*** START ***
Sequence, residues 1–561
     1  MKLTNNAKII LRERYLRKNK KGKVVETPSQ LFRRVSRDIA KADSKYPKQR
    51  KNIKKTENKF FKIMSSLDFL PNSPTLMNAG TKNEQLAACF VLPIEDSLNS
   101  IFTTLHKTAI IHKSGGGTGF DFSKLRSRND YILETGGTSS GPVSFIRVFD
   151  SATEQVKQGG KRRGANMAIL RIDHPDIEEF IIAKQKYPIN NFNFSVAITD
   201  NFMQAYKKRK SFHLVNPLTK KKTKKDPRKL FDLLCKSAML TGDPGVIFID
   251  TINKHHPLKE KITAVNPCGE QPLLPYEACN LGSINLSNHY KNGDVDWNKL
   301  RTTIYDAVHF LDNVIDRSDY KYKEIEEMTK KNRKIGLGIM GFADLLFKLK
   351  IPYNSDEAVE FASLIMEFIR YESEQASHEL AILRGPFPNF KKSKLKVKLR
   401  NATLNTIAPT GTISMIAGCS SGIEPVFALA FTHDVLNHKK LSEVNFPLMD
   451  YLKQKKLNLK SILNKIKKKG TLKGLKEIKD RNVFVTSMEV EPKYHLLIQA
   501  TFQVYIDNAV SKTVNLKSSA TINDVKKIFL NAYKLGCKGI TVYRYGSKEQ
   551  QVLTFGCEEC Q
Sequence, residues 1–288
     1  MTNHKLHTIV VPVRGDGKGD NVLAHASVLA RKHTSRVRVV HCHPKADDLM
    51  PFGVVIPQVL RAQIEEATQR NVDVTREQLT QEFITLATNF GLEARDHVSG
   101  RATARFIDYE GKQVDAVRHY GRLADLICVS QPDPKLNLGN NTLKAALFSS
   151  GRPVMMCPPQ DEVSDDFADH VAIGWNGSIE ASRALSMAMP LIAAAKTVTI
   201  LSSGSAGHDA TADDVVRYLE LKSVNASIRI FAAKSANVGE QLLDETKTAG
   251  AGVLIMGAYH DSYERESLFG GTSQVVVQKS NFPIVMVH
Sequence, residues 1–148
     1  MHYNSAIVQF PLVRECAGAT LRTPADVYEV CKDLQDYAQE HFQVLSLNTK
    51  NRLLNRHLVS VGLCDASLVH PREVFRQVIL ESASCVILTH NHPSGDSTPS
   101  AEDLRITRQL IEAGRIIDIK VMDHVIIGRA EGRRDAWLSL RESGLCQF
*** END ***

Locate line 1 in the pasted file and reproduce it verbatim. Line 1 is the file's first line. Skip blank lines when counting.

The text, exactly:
Sequence, residues 1–561